Considering that the Leafs aren’t rebuilding, have the cap space to fit Nylander on the roster if they want to and would be trading him of their own accord, it muddies the water of what a successful trade would look like.
Obviously the first option when it comes to a return would be the Johansen for Jones trade a few years back. Trading Nylander straight up for a legitimate top 2 defender in a 1-for-1 deal makes a ton of sense. The question is what defender are you dealing him for? The Leafs are in need of a player with size and defensive ability and it wouldn’t hurt if they could chip in a little offense. Finding a player that checks all of those boxes is difficult as is, while finding one that is available for trade is near impossible. There were whispers that the St. Louis Blues would consider making Colton Parayko available for the right return and he would definitely fit what the Leafs are after, but the question has to be asked if Nylander is the right return for them. The 30 year old Parayko is signed for 7 more seasons at a $6.5M contract as well, which would fit nicely into the Leafs plans for the next few seasons.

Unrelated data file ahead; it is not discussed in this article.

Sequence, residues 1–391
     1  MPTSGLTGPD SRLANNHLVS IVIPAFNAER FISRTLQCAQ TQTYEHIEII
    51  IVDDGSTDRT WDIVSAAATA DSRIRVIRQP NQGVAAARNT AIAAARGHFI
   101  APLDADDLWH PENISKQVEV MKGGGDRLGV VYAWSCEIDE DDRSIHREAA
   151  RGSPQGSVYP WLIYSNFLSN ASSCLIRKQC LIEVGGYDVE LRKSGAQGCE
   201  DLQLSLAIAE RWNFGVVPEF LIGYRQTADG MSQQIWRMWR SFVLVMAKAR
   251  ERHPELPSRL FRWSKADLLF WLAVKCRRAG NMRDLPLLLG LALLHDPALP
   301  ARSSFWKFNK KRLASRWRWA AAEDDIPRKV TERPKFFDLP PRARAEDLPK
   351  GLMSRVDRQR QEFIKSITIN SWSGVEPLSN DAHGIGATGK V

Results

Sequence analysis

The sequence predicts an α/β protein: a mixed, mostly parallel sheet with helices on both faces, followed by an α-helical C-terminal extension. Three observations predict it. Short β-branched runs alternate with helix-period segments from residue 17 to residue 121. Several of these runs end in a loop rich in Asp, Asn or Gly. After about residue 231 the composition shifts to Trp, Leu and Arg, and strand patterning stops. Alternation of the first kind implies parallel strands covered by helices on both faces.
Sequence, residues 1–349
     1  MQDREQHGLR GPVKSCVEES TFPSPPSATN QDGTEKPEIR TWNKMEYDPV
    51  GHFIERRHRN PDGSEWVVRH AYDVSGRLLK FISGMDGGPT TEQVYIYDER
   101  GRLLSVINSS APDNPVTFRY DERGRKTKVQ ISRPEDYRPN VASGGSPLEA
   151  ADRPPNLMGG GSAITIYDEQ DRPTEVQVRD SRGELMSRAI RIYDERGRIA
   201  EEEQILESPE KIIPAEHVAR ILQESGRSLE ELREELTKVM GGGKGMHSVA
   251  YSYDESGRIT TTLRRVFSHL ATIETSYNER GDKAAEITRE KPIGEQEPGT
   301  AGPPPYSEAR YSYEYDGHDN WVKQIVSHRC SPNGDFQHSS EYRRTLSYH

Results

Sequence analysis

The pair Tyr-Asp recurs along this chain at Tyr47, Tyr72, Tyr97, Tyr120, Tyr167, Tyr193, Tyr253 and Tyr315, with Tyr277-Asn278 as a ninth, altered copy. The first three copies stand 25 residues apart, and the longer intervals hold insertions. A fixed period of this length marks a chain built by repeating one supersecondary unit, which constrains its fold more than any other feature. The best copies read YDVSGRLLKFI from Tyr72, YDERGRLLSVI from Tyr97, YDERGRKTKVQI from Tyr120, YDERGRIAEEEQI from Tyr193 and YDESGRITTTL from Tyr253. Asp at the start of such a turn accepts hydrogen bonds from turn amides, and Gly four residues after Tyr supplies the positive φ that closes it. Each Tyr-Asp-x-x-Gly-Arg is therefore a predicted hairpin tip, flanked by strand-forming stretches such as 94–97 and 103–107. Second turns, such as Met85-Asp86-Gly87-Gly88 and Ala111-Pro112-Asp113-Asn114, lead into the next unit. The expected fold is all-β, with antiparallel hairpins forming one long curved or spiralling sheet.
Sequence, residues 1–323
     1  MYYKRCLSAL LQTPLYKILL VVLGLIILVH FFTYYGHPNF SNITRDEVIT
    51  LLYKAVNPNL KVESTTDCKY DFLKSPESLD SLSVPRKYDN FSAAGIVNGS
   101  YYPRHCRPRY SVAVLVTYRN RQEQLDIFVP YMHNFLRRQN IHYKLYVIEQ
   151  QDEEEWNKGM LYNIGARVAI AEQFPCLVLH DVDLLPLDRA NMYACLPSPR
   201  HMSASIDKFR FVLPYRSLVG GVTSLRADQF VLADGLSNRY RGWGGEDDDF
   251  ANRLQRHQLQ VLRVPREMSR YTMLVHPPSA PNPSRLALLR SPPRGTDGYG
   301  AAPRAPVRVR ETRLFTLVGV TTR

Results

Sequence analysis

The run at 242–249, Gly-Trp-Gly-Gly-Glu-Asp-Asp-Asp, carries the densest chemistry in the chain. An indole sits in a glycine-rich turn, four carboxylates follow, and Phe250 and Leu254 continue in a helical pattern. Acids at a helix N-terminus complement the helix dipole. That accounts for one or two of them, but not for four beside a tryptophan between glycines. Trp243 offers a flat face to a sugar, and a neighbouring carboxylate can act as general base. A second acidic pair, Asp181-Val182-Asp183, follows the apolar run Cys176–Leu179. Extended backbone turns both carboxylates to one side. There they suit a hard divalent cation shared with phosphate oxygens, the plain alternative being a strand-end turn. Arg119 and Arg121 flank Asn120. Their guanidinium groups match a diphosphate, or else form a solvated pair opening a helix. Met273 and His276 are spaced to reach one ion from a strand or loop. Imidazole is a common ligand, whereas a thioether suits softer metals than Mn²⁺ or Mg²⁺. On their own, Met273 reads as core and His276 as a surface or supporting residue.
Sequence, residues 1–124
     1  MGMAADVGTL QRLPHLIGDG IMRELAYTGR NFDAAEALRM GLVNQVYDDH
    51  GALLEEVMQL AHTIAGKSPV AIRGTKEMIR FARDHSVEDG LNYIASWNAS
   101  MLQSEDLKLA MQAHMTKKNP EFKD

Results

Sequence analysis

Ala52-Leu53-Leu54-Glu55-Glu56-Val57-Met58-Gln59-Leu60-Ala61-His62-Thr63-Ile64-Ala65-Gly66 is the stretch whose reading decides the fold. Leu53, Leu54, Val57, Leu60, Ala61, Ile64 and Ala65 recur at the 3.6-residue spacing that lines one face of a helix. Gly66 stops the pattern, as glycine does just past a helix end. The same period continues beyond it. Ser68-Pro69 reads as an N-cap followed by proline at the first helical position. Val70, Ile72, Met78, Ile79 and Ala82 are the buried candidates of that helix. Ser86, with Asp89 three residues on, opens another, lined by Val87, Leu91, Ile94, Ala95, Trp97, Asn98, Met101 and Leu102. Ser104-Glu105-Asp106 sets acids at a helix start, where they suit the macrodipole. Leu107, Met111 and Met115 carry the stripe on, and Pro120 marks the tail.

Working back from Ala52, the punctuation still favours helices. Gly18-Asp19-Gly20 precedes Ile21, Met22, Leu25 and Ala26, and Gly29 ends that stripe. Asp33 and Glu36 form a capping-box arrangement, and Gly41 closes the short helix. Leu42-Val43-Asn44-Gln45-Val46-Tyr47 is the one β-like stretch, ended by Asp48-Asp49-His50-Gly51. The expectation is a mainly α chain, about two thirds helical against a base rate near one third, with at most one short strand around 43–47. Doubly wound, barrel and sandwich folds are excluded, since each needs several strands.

The option I lean towards would be similar to what the Winnipeg Jets did with Pierre-Luc Dubois. After asking for a trade for the second time in his career, the Jets obliged and sent him to the L.A. Kings for Gabriel Vilardi, Alex Iafallo, Rasmus Kupari and a 2nd round pick. Gabriel Vilardi is a 23 year old forward that was drafted as a centre but played the wing in L.A. and just had a breakout season in which he scored 23 goals and 41pts in 63 games. Kupari is a 23 year old winger that never took off in L.A. but has played a depth role for the past couple of years. Lastly, Iafallo is a 29 year old veteran that is steady but unspectacular offensively, with 204pts in 420 career regular season games under his belt. The prize here is Vilardi and his potential, while Iafallo will be a middle six contributor and a 2nd round selection tops up the value in the trade.
A similar return for Nylander could be any type of mixture depending on the team you’re trading him to, but what would be ideal is to get a middle six winger or top 4 defender that can help the team immediately, but isn’t as valueable in a trade, while also asking for a top prospect and/or a high pick. If you get a blue chip prospect the pick doesn’t need to be as high, or if you get a high pick, you could take a lower valued prospect.